People who say it cannot be done should not interrupt those who are doing it. Welcome to From On High.

Wednesday, February 11, 2009

This Is Getting a Little Weird

Can anyone argue that the commonwealth of Virginia isn't one big storybook when it comes to Civil War history? Daughter Jodi lived in a home in Wytheville with a (patched) bullet hole in her front door. Damage that is still there for all to see. I live on Raleigh Grayson Turnpike in Bland County where, in 1864, Union cavalry passed my property on its way to capture and destroy the lead mines down near Austinville. My next-door neighbor's property has a small cemetery that includes the grave of a Confederate infantry captain. A Presbyterian cemetery over in Glade Spring holds the mortal remains of a general killed at the battle of Piedmont. A cemetery in Abingdon has the grave of former U.S. Secretary of War and later Confederate Major General John B. Floyd. Land in Giles County was once used as a Confederate recruiting and mustering field. Battle(s) of Saltville. Battle of Marion ... Cloyd's Mountain ...

And this is all in remote Southwest Virginia, an area that was far removed from the primary theater of Civil War action. Imagine the history that can be written - and has been written - about the eastern two-thirds of the state.

I bring this up for a reason. Let's not get carried away with this. Virginia is not a museum to be preserved for all posterity to see in its 1862 glory.

This is getting carried away:
Controlled fire at Appomattox is used to restore historic field
Associated Press

Appomattox -- Firefighters are bringing a field at Appomattox Court House National Historical Park back to its historic state.

A controlled fire Monday burned away non-native grass and brush on 25-acre Ferguson Field, which sits at the edge of the 1,750-acre national park. The fire was an attempt to restore the historic field to its 1860s state.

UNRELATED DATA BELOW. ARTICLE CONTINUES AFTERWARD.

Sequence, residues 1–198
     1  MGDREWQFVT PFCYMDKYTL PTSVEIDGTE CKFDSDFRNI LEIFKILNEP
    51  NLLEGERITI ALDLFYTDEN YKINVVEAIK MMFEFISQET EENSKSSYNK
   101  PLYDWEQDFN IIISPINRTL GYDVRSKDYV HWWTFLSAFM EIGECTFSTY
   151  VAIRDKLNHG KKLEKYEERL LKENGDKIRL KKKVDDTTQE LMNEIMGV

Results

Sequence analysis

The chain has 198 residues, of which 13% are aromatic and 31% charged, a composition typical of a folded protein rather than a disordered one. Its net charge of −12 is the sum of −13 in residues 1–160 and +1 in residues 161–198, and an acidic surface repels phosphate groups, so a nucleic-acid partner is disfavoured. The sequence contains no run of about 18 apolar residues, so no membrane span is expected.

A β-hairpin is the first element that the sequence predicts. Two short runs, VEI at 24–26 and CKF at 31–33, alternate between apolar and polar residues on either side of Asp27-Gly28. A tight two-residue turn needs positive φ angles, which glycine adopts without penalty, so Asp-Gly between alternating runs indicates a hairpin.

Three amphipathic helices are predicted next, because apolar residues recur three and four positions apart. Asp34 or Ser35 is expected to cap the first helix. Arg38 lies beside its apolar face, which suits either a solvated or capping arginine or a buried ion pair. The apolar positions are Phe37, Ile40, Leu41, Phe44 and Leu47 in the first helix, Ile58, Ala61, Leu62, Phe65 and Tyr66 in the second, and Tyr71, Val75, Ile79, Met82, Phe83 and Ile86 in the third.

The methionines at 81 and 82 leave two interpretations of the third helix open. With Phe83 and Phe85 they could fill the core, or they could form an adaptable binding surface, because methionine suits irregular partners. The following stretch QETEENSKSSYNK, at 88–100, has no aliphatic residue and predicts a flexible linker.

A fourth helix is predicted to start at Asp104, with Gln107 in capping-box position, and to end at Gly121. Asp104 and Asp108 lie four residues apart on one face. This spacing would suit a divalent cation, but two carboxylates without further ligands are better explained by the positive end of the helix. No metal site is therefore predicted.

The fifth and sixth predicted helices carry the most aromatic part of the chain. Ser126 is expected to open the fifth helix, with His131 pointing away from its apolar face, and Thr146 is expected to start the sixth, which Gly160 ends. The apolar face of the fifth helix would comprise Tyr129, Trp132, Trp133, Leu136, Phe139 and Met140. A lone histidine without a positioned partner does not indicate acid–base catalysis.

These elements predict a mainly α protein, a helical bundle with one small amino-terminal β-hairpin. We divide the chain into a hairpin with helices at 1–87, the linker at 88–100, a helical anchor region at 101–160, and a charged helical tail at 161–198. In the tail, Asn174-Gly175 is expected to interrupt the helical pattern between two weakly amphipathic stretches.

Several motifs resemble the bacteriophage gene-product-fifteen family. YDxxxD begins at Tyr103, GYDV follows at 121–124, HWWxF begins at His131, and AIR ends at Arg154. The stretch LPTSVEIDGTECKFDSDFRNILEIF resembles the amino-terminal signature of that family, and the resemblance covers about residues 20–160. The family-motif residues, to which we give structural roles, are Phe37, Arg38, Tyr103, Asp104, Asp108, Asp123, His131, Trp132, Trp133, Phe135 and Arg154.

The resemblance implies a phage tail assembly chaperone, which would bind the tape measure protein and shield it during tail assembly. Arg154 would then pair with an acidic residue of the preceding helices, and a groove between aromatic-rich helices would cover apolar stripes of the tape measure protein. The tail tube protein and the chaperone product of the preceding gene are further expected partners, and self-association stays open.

If left alone, officials said, the grass would give way to shrubs, then to pines and cedars, and eventually to hardwoods that would create a canopy that chokes out the other plants.

Ferguson Field's exact use in 1865 isn't known, but it was open land where troops had camped waiting for the surrender at Appomattox Court House. [link]
A field outside the national park. Not particularly important to the Appomattox story. Its history in fact not known. Troops may have camped there one night and then moved on And officials are restoring it to its 1865 condition.

What next? Are we going to hire actors to portray ol' Black Joe to work da plantation?

Getting carried away, fellas?

We Have a Long Fight Ahead

Does the Bill of Rights not apply when state laws conflict with the amendments therein? Was Alabama Governor George Wallace right all along when he stood in the doorway of that University of Alabama schoolhouse in June of 1963 and declared:

"I stand here today, as Governor of this sovereign State, and refuse to willingly submit to illegal usurpation of power by the Central Government. I claim today for all the people of the State of Alabama those rights reserved to them under the Constitution of the United States. Among those powers so reserved and claimed is the right of state authority in the operation of the public schools, colleges and Universities."

Seems to be the case, if one accepts the precepts put forth by the 2nd Circuit Court of Appeals in a January ruling.

CrimProf Blog provides us with the startling news:
Second Circuit Holds Second Amendment Not Applicable to States